I had intended to continue exploring unholy alliances, but a bout with flu-like symptoms for the past 48 hours has stripped me of the concentration needed. If headache, fever, and upset stomach are going to render me even more scattered than usual, I decided to leverage that into a positive. It may be a slightly scary look into the way my brain works (hint: don’t expect a linear progression), but I hope I’ve managed to impose enough discipline to keep to political and historical themes.
Speaking of flu, that reminds me of the Spanish flu pandemic of 1918.
The pandemic has been called “the forgotten pandemic.” A good many people learned of it for the first time from Downton Abbey, when Matthew Crawley’s fiancee, Lavinia, dies of it in a convenient plot twist. But it was a world-shattering pandemic, possibly forgotten because it was occurring while WWI was still raging. It is estimated that 50-100 million people died from the Spanish flu; 3-5% of the world’s population at the time.
Despite its name, new evidence suggests the 1918 Spanish Flu outbreak originated in America’s heartland. Uncover the true origins of a pandemic that killed tens of millions, tonight at 8 on a new episode of America’s Hidden Stories. https://t.co/X5g2LNQHD9 #HistoryMonday pic.twitter.com/ao71Nc78h2
— Smithsonian Channel (@SmithsonianChan) March 18, 2019
Speaking of Kansas, that reminds me of Kris Kobach and his voter suppression schemes.
Kansas’ Republican attorney general, Derek Schmidt, has taken up the defense of the Kris Kobach-championed proof-of-citizenship law. He will speak on its behalf during its appeal in a federal court after being blocked in 2016.https://t.co/AMaef5JPBT
— KSNT News (@KSNTNews) March 18, 2019
Speaking of 12% of voter registration applications blocked, that reminds me of the proposed 12% budget cut to the National Institutes of Health (NIH).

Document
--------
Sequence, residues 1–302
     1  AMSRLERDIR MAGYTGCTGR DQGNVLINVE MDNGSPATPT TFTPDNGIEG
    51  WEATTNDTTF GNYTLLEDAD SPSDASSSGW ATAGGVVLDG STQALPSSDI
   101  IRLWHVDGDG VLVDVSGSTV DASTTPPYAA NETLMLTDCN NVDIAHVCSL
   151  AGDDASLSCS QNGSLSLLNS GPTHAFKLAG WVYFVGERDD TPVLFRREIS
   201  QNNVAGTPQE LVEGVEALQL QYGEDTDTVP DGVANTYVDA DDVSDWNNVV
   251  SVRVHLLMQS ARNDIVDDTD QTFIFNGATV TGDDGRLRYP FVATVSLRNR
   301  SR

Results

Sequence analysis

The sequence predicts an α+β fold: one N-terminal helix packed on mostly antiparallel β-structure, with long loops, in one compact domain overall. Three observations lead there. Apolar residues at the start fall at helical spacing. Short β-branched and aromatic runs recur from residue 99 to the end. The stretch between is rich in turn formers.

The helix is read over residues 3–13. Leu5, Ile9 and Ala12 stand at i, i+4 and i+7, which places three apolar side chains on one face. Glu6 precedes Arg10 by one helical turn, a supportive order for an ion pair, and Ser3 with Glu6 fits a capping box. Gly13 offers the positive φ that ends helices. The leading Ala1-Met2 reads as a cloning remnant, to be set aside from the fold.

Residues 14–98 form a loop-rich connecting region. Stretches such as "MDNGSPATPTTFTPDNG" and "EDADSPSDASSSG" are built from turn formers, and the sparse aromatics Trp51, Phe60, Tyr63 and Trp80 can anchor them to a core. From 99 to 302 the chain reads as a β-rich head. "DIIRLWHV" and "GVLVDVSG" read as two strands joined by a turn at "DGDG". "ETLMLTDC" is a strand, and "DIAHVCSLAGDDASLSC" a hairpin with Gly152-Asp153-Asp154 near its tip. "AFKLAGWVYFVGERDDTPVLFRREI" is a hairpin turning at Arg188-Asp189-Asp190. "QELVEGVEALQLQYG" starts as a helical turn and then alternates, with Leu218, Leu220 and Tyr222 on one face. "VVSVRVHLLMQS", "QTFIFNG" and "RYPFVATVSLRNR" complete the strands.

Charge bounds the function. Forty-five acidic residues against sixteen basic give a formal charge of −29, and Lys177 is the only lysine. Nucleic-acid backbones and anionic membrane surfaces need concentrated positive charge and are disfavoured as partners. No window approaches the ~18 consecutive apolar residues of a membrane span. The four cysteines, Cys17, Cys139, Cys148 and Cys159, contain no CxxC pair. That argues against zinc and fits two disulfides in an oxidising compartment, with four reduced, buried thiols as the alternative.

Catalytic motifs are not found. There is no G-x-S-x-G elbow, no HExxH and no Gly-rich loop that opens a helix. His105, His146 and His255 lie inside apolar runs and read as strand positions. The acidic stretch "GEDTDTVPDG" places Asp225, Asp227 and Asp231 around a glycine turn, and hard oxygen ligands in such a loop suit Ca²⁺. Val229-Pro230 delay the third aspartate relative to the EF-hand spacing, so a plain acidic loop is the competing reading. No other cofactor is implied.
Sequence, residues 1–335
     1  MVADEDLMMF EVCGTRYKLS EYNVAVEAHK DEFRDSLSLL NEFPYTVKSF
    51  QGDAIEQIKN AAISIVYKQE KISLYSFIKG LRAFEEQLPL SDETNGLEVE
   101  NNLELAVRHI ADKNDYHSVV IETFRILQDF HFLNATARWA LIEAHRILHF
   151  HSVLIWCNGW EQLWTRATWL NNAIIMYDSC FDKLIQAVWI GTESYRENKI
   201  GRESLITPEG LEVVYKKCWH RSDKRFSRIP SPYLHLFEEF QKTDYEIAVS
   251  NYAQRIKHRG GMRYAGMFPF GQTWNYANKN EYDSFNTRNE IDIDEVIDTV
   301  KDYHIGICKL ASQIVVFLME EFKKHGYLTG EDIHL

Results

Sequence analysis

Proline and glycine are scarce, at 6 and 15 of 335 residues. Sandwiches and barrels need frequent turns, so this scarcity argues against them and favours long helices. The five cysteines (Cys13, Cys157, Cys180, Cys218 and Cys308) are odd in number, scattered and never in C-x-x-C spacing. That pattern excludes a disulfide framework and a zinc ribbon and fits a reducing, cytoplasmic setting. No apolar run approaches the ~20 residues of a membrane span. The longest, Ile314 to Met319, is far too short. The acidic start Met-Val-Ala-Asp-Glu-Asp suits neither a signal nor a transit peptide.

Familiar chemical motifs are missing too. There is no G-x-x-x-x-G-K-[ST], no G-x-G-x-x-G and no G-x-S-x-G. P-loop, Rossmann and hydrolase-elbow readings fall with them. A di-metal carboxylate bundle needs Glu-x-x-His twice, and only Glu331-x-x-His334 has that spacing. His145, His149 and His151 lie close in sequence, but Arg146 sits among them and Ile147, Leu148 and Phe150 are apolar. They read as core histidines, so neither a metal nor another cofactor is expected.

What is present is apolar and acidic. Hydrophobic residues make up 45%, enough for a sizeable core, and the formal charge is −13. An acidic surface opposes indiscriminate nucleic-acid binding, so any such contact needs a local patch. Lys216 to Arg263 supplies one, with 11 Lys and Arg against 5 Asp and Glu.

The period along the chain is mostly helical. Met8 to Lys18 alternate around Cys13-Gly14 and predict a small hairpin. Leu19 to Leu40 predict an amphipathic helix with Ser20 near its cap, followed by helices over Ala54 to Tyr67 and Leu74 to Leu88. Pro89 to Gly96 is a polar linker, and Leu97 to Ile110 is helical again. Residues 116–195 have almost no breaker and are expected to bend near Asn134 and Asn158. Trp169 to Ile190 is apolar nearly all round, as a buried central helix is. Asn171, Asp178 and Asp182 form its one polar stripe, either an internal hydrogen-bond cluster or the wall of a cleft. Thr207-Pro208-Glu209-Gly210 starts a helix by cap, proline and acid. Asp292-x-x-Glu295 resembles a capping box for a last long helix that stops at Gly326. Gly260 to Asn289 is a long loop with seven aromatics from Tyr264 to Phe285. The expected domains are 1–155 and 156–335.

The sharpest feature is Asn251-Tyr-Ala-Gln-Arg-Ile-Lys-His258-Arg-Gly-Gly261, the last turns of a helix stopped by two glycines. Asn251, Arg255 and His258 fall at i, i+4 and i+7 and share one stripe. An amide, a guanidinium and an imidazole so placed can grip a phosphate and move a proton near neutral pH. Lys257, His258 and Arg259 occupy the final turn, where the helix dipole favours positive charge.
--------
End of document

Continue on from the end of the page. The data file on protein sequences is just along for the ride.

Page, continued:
The White House proposal included suggested cuts of 9 percent for the National Science Foundation and 12 percent for the National Institutes of Health. Peter McPherson, president of the Association of Public and Land-grant Universities, said those cuts “would begin to cede American strength in science and innovation to our global competitors, slow the search for cures and make it more challenging for students to access higher education and climb the economic ladder.” Trump Seeks Billions in Cuts
Apparently, if you believe you have good genes, the mission statement of the NIH seems like a whole lot of unnecessary work: “NIH’s mission is to seek fundamental knowledge about the nature and behavior of living systems and the application of that knowledge to enhance health, lengthen life, and reduce illness and disability.” Missions and Goals
Speaking of enhancing health, that reminds me of the Michigander cure for all that ails you: Vernors.
— Anne-Marie K Ryan (@RedGinger21) February 4, 2014
I find it hard to believe that Vernors is just a Michigan thing, but in the event it is, a few details:
1. It’s pop. More specifically, it is, per the label, “the original ginger soda.” But that doesn’t change the fact that it’s pop.
2. It’s Vernors, not to be confused with mere ginger ale. Canada Dry Ginger Ale is a totally different beast; much paler, less sweet, and milder. Vernors is a golden ginger ale; darker, sweeter, and more highly carbonated. It’s probably those bubbles, not the ginger, which explain it being a go-to when one’s stomach is upset.
3. We take our Vernors very seriously. One can argue with a Michigander about almost anything, but slander our Vernors and you risk starting a civil war. 10 Reasons Vernors Ginger Ale Is The Best Drink You’ve Never Heard Of
(And yes, I do have a Vernors at my side as I type this. The minute I started getting sick to my stomach, I texted the Hubby and asked him to bring some home.)
Speaking of Vernors, that reminds me of Aretha.
Speaking of Aretha, I think this is the best possible way to remember her and end this post.